What Does It Take to Navigate the Unknown? These Experts Weigh In

Expanding your business by exploring new, unknown territory can be intimidating, but the results may be well worth the risk.
Writer/Author/Publisher/Speaker, Garden Guides Press
December 15, 2016

With a new year quickly approaching and potential changes on the horizon, it's not uncommon for business owners to look ahead and wonder what the coming months will bring. If you plan on making some changes to your business in 2017, new territory may seem daunting.

While the unknown can cause uneasiness, at the same time it can be thrilling. After all, there can be a sense of excitement at what lies around the next bend. The truth is, great business ideas can come from forging into unfamiliar surroundings and scenarios.

“Rather than seeing the world as it is, successful business owners see the world as it could be and create opportunity by stepping into the space that isn't yet created," says Greg Head, CEO of Greg Head Consulting, which advises business owners on navigating the challenges of company growth. "They essentially make it up and then make it obvious for the rest of the world." 

The Benefits of Exploring Unknown Territory

“We naturally crave certainty, but that doesn't exist in a competitive marketplace," says strategic consultant Tom Panaggio, author of The Risk Advantage. “As a business leader, you must keep your business moving forward, and there is no way you can foretell the future, so everything is an unknown. At the same time, it's important to remember that there's a direct correlation between risk and opportunity. Those business leaders who recognize this fact are the ones who enjoy long-term success."

When embarking on a project with many unknown variables, it's essential to stay positive and not second guess yourself.

—Jon Sebastiani, founder, KRAVE Jerky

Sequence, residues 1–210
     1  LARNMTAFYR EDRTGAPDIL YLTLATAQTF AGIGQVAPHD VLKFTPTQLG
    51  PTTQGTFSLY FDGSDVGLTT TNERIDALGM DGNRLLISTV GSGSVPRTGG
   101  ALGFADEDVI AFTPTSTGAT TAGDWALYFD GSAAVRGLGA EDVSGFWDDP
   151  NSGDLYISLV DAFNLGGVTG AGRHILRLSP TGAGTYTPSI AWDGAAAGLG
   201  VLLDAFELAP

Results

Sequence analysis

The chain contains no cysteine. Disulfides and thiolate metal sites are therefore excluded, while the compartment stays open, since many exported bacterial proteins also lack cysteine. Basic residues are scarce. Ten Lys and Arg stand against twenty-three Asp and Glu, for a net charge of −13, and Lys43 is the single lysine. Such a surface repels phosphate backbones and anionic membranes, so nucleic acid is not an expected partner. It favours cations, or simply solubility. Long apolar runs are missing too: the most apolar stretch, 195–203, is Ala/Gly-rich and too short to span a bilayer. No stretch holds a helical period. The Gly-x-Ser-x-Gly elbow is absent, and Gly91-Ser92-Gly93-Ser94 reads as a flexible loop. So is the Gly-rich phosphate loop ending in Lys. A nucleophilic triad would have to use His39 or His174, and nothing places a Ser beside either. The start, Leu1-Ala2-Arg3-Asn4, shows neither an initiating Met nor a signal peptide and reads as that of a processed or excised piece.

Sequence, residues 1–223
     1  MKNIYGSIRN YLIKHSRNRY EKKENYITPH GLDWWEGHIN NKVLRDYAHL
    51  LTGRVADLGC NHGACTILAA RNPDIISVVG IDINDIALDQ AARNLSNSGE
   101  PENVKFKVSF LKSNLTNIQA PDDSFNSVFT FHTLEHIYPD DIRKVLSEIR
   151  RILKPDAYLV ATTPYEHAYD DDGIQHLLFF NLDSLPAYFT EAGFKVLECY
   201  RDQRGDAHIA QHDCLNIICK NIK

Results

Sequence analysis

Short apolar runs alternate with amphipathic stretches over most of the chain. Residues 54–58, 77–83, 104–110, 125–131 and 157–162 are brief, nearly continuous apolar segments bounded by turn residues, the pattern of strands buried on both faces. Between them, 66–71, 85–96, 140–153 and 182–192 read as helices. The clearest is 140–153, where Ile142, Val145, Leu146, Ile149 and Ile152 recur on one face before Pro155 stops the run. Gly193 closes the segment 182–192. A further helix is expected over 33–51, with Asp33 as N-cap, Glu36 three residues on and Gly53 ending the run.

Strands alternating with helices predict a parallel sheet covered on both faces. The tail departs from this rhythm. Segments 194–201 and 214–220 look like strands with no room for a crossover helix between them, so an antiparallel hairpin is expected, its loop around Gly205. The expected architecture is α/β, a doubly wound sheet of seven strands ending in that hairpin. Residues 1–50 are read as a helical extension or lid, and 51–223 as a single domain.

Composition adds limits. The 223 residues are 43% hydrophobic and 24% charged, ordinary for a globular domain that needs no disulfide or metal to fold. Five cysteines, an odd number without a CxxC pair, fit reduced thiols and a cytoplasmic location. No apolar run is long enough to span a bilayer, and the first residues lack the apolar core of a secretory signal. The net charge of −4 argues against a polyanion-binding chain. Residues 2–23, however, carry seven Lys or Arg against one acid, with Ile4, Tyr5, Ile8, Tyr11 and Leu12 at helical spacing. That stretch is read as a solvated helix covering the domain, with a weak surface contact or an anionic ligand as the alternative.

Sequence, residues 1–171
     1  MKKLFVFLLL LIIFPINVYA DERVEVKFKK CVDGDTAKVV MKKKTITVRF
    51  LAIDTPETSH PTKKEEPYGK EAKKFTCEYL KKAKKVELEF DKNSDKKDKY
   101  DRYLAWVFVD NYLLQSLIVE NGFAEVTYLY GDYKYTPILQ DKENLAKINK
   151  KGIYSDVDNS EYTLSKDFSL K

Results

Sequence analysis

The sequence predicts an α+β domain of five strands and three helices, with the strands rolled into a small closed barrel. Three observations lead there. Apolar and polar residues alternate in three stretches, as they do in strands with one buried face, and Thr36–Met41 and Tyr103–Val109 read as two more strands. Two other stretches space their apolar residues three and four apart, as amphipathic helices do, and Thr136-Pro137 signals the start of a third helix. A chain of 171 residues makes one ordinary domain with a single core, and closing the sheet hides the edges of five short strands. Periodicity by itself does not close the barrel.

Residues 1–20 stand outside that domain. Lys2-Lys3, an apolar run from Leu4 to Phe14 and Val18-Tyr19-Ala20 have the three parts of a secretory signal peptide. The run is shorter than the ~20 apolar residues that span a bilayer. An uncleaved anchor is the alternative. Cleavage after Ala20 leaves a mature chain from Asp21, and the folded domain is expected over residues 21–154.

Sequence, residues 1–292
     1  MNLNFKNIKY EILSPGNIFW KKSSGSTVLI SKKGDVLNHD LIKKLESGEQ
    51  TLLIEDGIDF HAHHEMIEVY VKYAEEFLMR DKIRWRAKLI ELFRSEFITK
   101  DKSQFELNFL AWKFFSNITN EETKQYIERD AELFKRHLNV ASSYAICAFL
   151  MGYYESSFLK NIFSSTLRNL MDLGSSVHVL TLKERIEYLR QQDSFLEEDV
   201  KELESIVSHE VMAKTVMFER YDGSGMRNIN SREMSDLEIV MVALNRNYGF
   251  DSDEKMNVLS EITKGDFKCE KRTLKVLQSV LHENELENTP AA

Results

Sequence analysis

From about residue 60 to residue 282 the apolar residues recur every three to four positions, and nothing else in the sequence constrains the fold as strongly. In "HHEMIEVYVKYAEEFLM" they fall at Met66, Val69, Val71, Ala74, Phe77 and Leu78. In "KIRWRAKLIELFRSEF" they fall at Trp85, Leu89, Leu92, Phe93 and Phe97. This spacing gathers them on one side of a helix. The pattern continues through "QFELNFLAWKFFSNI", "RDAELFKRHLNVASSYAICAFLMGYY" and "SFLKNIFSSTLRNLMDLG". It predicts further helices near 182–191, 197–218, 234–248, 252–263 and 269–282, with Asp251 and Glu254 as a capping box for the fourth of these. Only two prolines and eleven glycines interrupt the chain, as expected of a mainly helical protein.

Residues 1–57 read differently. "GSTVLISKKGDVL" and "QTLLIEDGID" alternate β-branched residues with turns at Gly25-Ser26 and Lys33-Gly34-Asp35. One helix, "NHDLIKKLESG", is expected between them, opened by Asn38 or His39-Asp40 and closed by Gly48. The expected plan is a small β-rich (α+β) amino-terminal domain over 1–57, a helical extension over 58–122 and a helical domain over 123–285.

The unknown can be scary to business owners, but it can also open up endless possibilities, agrees Jon Sebastiani, founder of KRAVE Jerky. Sebastiani speaks from personal experience: He sold KRAVE and then launched Sonoma Brands, a consumer products incubator and venture fund.

“The newness of the unknown can spark creativity and open up opportunities beyond what you could ever imagine," he says. “When I founded KRAVE, people viewed jerky as a gas station snack, and the category was sleepy. Through embracing the unknown, we embarked on the jerky renaissance by elevating the snack and targeting new, previously untapped audiences. Now at Sonoma Brands, we offer the same insight to the brands in our portfolio."

Tips for Making the Most of Uncharted Territory

As you navigate the journey into the unknown over the coming months and year, keep the following strategies in mind.

Manage growth. “One of the most important decisions an owner faces is maintaining the size and quality of the company while seeking the growth found in new opportunities," says Alexander Joyce, president and CEO of ReJoyce Financial LLC, a full-service retirement income planning firm. “A successful company has a well-defined plan for growth that recognizes the uncertainties of the future and proposes proactive responses to potential situations."

Stay confident and keep your higher purpose at the forefront. “When embarking on a project with many unknown variables, it's essential to stay positive and not second-guess yourself," says Sebastiani. “As you move into the unknown, many decisions need to be made, and you'll require a firm hold of your company's core beliefs and mission to make them."

Don't be afraid of change. “Avoid allowing fear to compromise your leadership," advises Panaggio. “Stay steadfast in your resolve to face the unknown with enthusiasm and a positive attitude, even if you are as frightened as a child in a haunted house. Don't show it."

Involve your team. Employees are one of the best assets of a successful company," says Joyce. “Share the company's plans and allow their input, which is likely to provide you with viable suggestions along the way."

Engage your employees as you forge into uncharted territory, agrees Panaggio. “If you empower your people to help with the planning and implementation of change, there will be greater buy-in and less fear about the unknown for everyone."

Learn from successes and failures. View both the wins and the losses of the journey as opportunities to learn and grow. You can analyze the situations you mastered and those you didn't for clues as to how to succeed in the future.

Read more articles on planning for growth.

Photo: iStock
Writer/Author/Publisher/Speaker, Garden Guides Press